Pierce's prose is elegant, literary, spare, and lyrical. The dialogue is excellent. Overall, I was pleased and impressed. In particular, the author successfully transports the reader into life on a modern-day Indian reservation, and exposes us clearly to the disabling upheaval of foster care. I look forward to reading more by this talented author; however, I have mixed feelings for this work as a whole. For the first two thirds I was absolutely enthralled; I could not stop reading; I was completely captivated and compelled. But at the point where Alice is transferred into foster care, the book abruptly changes pace and voice. Alice seems to have the very life drained from her. As a reader, I could no longer imagine Alice or believe in her as a middle-schooler, preteen, or adolescent. Thus the overall three-star rating on a book that might easily have earned five stars.
Rollers from Abdun
I don't want to sound immature by saying that the story of Alice, an impoverished yet amazing girl is messed up, but I repeatedly found myself saying, "Wow, that's so messed up."

A few of the other reviewers have summarized the story nicely, but some things I wanted to add are about the story as a whole. Since Alice is five when the novel begins, we get a very broad spectrum of incidents she sees and experiences while not always understanding them. This causes a deliciously frustrating yet refreshing perspective which parallels to the misfortunate saying, "Children are to be seen and not heard." How can you not hear this child's story? How can you not feel the innocent love she has for her Mami and later her Grampa? Alice has so much she wants to tell, all we can do is listen.

Many people are aware of how difficult it is for natives who live on a reservation-- the alcohol, the harsh living conditions, the poverty-- but Nora Pierce makes all of it real with in-your-face writing that slams the truth right on your feet.

I agree with the reviewer who said that the voice of the novel and pacing changes when Alice is taken into foster care. It's a noticeable shift, yet I believe Alice had a reason for it: she was being taken away from the things she knew into a family who thought they were doing something nice for her. Even though she grew to like this family, she still longed for the one she felt she was taken from.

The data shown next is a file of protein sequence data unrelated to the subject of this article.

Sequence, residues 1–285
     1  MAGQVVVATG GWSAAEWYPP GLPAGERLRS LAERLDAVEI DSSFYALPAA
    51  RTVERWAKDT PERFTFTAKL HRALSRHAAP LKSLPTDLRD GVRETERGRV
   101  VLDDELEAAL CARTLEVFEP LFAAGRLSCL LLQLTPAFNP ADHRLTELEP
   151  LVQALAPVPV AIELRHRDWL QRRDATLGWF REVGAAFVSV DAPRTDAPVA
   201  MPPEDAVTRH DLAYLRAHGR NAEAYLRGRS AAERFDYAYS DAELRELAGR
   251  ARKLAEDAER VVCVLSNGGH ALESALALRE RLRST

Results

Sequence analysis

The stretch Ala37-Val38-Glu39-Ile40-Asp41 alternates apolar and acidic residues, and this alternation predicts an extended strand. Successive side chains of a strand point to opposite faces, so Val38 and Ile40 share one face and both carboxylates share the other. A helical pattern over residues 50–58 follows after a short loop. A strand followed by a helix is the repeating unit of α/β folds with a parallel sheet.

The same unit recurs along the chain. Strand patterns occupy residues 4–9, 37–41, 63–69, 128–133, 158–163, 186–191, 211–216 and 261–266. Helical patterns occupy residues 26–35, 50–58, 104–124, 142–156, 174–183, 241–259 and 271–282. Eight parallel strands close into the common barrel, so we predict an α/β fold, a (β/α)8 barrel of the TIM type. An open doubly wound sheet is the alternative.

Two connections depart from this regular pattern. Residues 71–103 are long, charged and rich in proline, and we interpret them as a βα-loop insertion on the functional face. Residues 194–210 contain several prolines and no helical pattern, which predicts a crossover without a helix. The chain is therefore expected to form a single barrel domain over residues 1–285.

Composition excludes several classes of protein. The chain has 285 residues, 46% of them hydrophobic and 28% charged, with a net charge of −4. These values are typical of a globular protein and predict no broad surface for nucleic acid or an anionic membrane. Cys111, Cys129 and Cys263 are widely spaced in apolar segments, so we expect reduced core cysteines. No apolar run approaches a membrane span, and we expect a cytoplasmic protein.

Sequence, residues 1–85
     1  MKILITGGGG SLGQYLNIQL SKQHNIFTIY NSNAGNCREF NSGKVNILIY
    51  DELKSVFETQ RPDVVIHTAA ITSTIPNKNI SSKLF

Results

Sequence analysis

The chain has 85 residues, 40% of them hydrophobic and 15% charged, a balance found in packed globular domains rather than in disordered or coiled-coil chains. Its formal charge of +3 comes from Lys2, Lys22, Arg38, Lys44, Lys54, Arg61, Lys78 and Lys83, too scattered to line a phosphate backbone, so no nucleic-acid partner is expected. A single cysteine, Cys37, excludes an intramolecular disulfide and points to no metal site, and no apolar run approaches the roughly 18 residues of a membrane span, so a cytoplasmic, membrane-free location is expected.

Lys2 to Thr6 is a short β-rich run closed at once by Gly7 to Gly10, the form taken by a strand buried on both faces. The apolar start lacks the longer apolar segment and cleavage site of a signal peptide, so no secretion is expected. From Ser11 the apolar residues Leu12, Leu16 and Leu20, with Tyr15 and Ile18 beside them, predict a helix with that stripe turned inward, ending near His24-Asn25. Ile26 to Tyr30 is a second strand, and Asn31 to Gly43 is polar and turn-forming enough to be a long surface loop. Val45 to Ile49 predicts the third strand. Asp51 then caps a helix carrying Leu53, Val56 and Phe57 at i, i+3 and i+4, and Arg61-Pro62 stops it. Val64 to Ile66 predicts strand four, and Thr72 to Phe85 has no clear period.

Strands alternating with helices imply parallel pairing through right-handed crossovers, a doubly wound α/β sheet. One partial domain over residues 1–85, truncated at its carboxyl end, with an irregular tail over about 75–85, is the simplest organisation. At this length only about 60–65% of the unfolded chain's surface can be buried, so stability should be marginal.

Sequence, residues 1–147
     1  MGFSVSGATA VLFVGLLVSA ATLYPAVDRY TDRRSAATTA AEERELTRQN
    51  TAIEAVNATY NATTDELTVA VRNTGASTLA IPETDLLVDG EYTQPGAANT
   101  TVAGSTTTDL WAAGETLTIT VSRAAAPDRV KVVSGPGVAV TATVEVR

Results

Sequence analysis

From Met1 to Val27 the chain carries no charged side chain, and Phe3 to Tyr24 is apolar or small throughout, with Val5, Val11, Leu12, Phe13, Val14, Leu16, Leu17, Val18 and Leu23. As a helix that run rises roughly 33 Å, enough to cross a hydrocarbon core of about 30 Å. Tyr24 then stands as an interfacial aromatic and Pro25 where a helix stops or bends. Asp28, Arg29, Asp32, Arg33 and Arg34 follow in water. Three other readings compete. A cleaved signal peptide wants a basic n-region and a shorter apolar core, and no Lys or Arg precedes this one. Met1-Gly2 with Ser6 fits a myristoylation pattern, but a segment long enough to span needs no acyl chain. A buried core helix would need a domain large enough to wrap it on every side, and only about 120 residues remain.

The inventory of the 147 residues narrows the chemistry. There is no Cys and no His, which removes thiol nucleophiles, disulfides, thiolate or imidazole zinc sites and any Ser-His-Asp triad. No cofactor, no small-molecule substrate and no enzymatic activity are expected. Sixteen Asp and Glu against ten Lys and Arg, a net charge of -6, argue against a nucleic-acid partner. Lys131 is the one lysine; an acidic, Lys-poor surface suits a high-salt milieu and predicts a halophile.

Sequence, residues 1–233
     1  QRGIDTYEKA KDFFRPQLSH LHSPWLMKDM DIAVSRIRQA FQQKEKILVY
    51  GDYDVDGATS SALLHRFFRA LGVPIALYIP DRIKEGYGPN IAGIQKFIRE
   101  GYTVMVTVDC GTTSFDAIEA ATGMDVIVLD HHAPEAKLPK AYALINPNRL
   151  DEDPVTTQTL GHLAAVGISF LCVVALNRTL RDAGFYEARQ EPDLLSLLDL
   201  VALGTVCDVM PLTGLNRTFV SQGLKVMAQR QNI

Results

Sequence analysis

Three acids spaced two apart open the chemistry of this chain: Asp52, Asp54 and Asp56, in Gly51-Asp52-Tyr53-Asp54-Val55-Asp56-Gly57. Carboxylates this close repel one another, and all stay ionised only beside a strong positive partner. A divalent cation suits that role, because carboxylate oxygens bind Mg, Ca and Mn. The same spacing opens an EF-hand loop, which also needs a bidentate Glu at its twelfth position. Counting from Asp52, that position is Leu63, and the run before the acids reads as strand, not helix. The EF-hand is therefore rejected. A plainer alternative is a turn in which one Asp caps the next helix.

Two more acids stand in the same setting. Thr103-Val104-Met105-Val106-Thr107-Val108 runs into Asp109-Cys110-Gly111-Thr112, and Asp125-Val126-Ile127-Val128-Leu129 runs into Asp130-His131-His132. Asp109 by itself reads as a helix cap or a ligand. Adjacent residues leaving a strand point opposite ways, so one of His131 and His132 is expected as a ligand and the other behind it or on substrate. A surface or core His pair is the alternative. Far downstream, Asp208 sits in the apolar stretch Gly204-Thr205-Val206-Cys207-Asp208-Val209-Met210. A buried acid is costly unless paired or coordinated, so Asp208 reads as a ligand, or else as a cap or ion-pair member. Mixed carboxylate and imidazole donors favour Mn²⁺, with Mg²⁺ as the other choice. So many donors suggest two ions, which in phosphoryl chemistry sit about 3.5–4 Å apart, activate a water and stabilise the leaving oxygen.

The prose is sparse, much like how children speak to get the a point, and it moves with a fluidity I don't encounter is many books. I like that we don't know what happened to Alice's mother, or to Alice. I like that she still has a long way to go before she can overcome her demons and that nothing is wrapped up neat and tidy. I recommend Nora Pierce and this sad yet gripping novel for a look into the world we see but do not hear. You won't be disappointed.
Kamick
Pierce shows us the gritty struggles of mid-twentieth century Native Americans. Untreated illnesses, extreme poverty, alcoholism, domestic violence scars the life of young Alice. Alice is immune to her problems, often playing along with her mother's delusions and paranoia. But, she's not immune to her heritage. For nearly nine years, Alice attempts to map her life within the context of other maps. Maps are her passion, so is her heritage. She just wants to find out who she really is. We see other characters, even her white foster family, struggle with their identities. Lesser character Sister Joanne, strict Catholic nun, cannot stand to see stereotypical portryals of Native Americans.

Pierce does a great job of putting together Native American life in the late 1960s- 1970s. The American Indian Movement visits Yuma, where Inez's dialogue with Alice shows us that even such "progressives" aren't sure what they want.

This book will leave you with chills! You will analyze and overanalyze the choices of each character in the story. You may even gag or wince when you read about untreated fungal infections, horrific B.O., alcohol breath, etc. And no matter how weirded out or grossed out you are, you'll want to keep reading!